Theatre" 3D Graphic © 2000 Jo
since the invention of motion pictures there have been
audiences and buildings to accomodate them. The earliest of these
"movie houses" were usually old vaudeville theatres, town halls,
arcades, schools and even churches. Often the setup for viewing films
was no more than a large sheet used for a screen, a few benches and a
curtain that separated the ticket lobby from the screen area.
first establishment built specifically for viewing movies was
Tally's Electric Theatre in Los Angeles in 1902. Soon movie houses were
springing up all over the country. When it became apparent that the
movies were here to stay, immense lavish theatres were built called
"palaces". The first of these was constructed in 1913 in New York City
and was called The Regent.
1914-1922, 4,000 new theatres were opened. The palaces were
truly grand, sometimes seating thousands of patrons. They were
decorated in extravagant eclectic styles where no detail was spared.
The largest palaces provided their customers with medical attendents in
case of emergencies, nurseries and even pet boarding services! They
contained posh smoking lounges, restrooms and powder rooms. Carefully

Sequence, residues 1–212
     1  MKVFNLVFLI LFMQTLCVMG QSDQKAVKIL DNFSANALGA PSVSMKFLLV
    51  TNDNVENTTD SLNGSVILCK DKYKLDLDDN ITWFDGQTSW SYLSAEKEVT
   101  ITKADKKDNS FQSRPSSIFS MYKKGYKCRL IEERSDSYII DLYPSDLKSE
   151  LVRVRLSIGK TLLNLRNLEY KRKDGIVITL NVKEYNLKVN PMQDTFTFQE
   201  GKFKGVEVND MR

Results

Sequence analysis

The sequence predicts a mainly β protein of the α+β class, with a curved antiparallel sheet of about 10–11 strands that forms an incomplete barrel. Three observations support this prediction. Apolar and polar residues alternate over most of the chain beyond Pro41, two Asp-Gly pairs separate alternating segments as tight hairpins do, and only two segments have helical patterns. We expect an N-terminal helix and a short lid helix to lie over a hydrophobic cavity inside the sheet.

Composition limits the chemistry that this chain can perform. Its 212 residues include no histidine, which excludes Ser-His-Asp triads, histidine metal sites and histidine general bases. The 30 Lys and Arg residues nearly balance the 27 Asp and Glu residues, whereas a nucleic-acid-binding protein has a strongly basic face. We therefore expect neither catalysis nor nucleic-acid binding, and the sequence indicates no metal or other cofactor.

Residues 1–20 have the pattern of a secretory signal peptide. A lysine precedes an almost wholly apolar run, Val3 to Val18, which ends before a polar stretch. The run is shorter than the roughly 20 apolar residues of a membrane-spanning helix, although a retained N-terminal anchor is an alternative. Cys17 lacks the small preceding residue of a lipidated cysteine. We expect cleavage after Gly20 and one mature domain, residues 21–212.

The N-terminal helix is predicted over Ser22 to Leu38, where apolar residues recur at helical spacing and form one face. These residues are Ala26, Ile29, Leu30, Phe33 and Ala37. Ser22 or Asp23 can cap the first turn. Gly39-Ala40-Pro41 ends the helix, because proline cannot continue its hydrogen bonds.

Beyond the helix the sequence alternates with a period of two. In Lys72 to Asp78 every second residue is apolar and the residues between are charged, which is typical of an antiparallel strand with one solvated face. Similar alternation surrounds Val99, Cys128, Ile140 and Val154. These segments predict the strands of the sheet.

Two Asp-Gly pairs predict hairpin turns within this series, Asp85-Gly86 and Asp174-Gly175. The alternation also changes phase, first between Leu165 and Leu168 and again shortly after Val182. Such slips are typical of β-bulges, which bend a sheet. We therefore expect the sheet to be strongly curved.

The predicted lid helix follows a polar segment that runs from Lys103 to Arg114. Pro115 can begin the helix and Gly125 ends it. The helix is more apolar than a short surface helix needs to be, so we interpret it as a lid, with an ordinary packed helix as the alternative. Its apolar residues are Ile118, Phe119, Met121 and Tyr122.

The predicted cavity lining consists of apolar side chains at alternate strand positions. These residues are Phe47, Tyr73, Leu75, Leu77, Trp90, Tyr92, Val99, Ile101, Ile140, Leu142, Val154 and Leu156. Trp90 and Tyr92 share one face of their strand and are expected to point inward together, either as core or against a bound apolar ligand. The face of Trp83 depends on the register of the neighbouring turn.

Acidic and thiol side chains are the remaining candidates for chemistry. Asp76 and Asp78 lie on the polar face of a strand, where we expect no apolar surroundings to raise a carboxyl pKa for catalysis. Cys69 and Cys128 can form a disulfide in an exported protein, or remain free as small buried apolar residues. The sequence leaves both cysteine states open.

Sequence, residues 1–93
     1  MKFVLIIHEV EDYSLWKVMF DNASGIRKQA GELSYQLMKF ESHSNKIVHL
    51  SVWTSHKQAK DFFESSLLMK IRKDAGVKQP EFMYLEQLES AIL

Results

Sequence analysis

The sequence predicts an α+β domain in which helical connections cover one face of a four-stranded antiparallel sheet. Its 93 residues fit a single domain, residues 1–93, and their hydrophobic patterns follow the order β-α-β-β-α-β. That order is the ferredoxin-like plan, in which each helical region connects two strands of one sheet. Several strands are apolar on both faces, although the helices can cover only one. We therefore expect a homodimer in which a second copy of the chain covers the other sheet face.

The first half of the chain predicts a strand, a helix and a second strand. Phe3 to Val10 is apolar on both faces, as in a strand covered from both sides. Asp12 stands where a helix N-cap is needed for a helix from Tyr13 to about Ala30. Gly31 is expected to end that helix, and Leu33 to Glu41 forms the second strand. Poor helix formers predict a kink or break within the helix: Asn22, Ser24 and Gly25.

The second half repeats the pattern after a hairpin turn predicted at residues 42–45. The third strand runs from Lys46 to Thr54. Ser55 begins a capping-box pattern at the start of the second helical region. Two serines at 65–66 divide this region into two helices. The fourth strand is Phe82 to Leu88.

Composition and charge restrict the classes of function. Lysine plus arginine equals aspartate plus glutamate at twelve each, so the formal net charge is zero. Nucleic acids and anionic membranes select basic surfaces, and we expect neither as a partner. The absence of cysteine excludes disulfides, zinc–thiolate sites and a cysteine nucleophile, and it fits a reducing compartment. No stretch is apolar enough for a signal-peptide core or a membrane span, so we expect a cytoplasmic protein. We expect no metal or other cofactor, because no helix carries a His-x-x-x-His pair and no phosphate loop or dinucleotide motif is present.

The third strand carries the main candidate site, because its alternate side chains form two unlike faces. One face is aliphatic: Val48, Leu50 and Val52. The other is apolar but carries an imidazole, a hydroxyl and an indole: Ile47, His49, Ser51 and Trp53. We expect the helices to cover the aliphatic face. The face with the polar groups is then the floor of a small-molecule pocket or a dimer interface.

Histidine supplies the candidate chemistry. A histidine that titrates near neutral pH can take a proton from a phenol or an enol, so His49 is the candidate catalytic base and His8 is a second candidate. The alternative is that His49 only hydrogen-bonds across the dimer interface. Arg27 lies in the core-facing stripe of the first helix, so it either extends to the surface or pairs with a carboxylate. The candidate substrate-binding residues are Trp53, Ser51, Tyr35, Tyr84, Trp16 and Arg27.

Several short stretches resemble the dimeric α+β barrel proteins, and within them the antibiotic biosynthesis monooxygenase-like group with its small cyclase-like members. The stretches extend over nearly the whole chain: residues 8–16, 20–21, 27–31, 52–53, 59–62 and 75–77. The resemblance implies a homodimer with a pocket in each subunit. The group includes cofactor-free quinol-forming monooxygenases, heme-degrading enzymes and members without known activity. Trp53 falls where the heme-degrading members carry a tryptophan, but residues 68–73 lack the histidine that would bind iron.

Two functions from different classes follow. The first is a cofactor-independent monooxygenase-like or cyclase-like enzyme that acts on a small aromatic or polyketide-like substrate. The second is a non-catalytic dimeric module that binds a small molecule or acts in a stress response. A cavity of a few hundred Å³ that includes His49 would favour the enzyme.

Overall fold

trained ushers dressed in fancy attire politely attended to all the
Refurbished Circa 1930's State
Theatre, Falls Church, Virginia
the era of the "silents",
live orchestras and theatre organs provided music and sound effects to
accompany the films. The theatre
organ was truly a magnificent invention capable of
reproducing a full symphony of sound. It was also used to duplicate
numerous sound effects such as ringing telephones, birds singing,
rushing wind, etc. Unfortunately its role in movie history was
shortlived. With the invention of "talkies" by the year 1929, the
theatre organ fell into disuse. It was then relegated to live stage
shows and religious gatherings.
1930 the Art Deco
era had arrived. The clean modern lines and geometric tile
patterns of this architectural style resulted in a new type of palace
theatre. Radio City Music Hall which opened in 1932 is a fine example
of this type of architecture. 1933 saw the arrival of the first outdoor
theatre called a "drive-in"
in Camden, New Jersey. These theatres quickly became popular and by the
mid 1950's over 4,000 of them had spread across the country.
Cinema in Melbourne, Australia
© Ron Israel for Kino Cinema
playing is "Lights! Camera! Action!"
Sequence Copyright 1999
by Blue Max Distribution
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